And if that wasn’t enough, Highly Sprung’s Traveling Treasury took audiences inside an enchanted storytelling caravan and transported them straight into the pages of a book where stories opened up, quite literally before their eyes, and Talking Bird’s The Whale delighted it’s audiences with its utterly unique giant whale shaped structure – those brave enough to venture inside found themselves listening to a charming tale from a submariner named Jonah and after a delightful 3 minutes they were sent back out onto shore to continue their fearless adventure through the SPLAT Festival.
And last but certainly not least, Infuse Dance kept the festival goers safe during their SPLAT adventures with their smash-hit ‘Bodyguards – Protect and Serve’ performance. Their roaming interactive Street Theatre / Dance performance saw a team of highly trained dancing bodyguards comically secure the area while rhythmically guarding and protecting ‘VIP’ members of the public as they navigated the SPLAT site. Such was their popularity that children couldn’t help but join in with the dance routines, making it seem likely that the Bodyguards will soon be needing bodyguards of their very own!
Phew! And with all of the entertaining going on, it was essential that everyone made time to chill out and grab a coffee, cake or ice-cream. There were big family picnics spread out under trees and the lovely vintage coffee truck, HMS Cupcake, provided much needed fuel to audiences in the shape of locally sourced espresso and home-made treats. And as for the ice-cream, let’s just say that with 2000 cones being sold in a 5 hour period, there must have been a lot of brain freeze going on behind the huge smiles and loud laughter!
And yet, with all of this going on, the highlight of the day was unquestionably the presence of so many children from the Festival Management Group. The festival was so busy that their help was needed in each area. Roles varied from helping make sure that all people queued nicely and patiently to handing out badges in place of tickets and helping others craft and play in the Art Gallery and activity areas. Without question, these children were integral to the success of the festival and the confidence that they exuded throughout was a joy to see. They each started this project with no idea how to plan, programme or staff a festival and yet on the day they talked confidently to the public about the project. To see these 9/10/11 year olds be so assertive in public speaks volumes about how much impact the Festival Management Group meetings have had on not only their educational growth but their personal growth too. It was delightful to see the way they worked together in yellow t-shirted teams from across the AAN schools, wiping out any thought of school by school segregation; their cross-school friendships were clear to see in the incredibly tight teamwork that helped to make the festival run so smoothly.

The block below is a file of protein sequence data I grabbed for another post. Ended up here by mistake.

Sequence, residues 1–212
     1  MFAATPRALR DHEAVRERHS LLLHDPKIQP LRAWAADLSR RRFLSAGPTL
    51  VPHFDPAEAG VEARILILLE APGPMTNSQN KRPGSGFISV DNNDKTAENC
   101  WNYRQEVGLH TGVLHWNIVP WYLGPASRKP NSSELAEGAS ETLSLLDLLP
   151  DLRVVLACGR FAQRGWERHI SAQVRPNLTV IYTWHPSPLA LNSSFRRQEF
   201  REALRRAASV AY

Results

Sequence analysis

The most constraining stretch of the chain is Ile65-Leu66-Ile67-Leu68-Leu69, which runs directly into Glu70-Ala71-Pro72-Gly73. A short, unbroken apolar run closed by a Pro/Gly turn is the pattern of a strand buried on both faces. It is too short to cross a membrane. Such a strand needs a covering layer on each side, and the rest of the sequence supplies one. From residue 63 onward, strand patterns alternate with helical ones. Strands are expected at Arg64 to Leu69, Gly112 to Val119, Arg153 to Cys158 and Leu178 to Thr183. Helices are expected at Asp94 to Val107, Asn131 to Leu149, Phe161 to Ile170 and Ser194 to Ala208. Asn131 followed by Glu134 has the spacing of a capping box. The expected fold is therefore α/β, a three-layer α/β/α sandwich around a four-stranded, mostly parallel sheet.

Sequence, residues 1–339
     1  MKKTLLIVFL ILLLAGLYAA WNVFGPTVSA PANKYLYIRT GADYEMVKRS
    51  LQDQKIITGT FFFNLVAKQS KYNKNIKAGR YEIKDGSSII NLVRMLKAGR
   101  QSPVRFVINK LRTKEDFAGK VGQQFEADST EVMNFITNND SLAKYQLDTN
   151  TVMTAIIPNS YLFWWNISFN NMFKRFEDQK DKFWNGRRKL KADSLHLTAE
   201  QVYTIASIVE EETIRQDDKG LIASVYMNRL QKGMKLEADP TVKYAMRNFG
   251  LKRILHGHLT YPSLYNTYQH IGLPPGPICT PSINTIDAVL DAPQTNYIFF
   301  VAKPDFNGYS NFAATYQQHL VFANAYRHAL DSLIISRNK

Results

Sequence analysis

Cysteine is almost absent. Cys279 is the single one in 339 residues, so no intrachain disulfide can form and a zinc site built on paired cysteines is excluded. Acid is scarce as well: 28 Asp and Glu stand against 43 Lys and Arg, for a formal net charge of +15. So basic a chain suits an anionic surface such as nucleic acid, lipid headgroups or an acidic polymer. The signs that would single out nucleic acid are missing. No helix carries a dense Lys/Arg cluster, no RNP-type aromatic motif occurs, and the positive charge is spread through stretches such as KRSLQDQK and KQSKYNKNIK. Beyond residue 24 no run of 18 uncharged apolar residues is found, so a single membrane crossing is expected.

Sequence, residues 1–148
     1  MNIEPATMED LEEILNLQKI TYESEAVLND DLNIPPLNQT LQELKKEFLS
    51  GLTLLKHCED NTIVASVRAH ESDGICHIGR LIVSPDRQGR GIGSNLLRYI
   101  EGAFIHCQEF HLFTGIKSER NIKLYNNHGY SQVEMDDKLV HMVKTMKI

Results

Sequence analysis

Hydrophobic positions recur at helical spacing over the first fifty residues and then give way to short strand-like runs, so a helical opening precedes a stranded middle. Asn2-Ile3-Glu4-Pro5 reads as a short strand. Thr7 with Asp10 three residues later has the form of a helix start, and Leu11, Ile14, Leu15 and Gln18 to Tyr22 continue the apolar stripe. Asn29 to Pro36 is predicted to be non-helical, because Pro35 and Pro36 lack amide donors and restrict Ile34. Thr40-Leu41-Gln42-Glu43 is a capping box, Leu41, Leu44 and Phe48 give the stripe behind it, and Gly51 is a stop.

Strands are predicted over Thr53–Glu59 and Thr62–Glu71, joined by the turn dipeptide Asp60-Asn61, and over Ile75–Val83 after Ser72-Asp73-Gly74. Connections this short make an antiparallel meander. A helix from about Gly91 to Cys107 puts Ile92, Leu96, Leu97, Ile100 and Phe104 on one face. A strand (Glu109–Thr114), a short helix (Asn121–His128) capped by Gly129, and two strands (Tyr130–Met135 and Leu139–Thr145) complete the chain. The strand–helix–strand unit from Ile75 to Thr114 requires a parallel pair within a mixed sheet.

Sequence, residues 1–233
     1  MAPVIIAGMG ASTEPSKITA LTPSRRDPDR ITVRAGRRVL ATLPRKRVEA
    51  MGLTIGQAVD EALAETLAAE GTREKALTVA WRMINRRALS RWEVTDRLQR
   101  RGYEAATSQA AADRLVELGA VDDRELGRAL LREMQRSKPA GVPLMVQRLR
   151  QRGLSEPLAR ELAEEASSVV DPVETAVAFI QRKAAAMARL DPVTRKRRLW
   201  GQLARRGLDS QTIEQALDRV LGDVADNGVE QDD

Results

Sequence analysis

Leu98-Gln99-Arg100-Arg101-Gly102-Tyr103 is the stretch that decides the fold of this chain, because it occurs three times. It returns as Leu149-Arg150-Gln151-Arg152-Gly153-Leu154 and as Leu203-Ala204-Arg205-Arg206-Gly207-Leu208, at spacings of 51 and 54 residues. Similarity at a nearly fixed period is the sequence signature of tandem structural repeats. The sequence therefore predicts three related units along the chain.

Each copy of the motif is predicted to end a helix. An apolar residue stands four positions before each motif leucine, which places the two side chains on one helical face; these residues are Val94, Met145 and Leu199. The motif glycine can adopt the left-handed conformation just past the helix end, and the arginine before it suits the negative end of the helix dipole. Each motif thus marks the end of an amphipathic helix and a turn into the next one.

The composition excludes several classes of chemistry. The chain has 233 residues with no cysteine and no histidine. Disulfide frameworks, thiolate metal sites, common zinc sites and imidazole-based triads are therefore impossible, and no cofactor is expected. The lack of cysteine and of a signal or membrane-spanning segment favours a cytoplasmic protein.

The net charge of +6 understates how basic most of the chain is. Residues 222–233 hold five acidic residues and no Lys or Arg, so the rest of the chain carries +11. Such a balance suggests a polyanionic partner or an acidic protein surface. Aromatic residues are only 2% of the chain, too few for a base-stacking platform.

With such a successful event, it wasn’t surprising to hear more than one voice asking if they could come back again the next day to join in only to be told that the festival only lasted one day. However, with the Arts Active Network teachers all banding together to put in a bid to the Arts Council for funding to keep the project going and to build on the success of this festival, who knows, the next one may last a whole weekend!
Until then, Warwick Arts Centre is open to schools and community groups throughout the year and offers a great range of activities. The arty activities provided in the SPLAT Art Gallery were only a taster for the new ones that will be available in the Mead Gallery’s Creative Space alongside the next exhibition – Kaleidoscope, a fun and accessible exhibition that explores 1960’s colour and shape with repetition, sequence and symmetry in mind. The Mead Gallery and the Creative Space will be open for visitors to see and create some magic from Thu 5 Oct – Sat 9 Dec 2017 with some extra special October Half Term activities available too. Best of all it’s all free and available for individuals, school and community groups and families. To book a group visit or for more information about the Creative Learning Team’s work in schools or with families and the community or even to tell us an idea for an activity or project that you would like to see us offer, just get in touch!
But if you’re already longing for more SPLAT Festival or missed out on the day, keep an eye on our website: splatartsfestival.co.uk. Over the next few months we will be updating the website with blogs that document the progress of the project along with hints and tips on how schools or communities might go about organising their own Children’s Arts Festival. To give you a head start on your festival planning, here’s a sneaky first Top Tip: pick a meaningful mission statement and stick to it! It certainly worked for this year’s children who decided that their mission was, “To bring schools together, to entertain all ages and to inspire young imaginations to create!”. I simply can’t think of any other sentence that would so neatly sum up the SPLAT Festival. The schools, without doubt, came together, all ages were thoroughly entertained and young imaginations were firing right, left and centre all day long. So here’s to the future of Arts Active Network, the next SPLAT Festival and all those young imaginations that make the project’s ‘By Children, For Children’ ethos work so beautifully!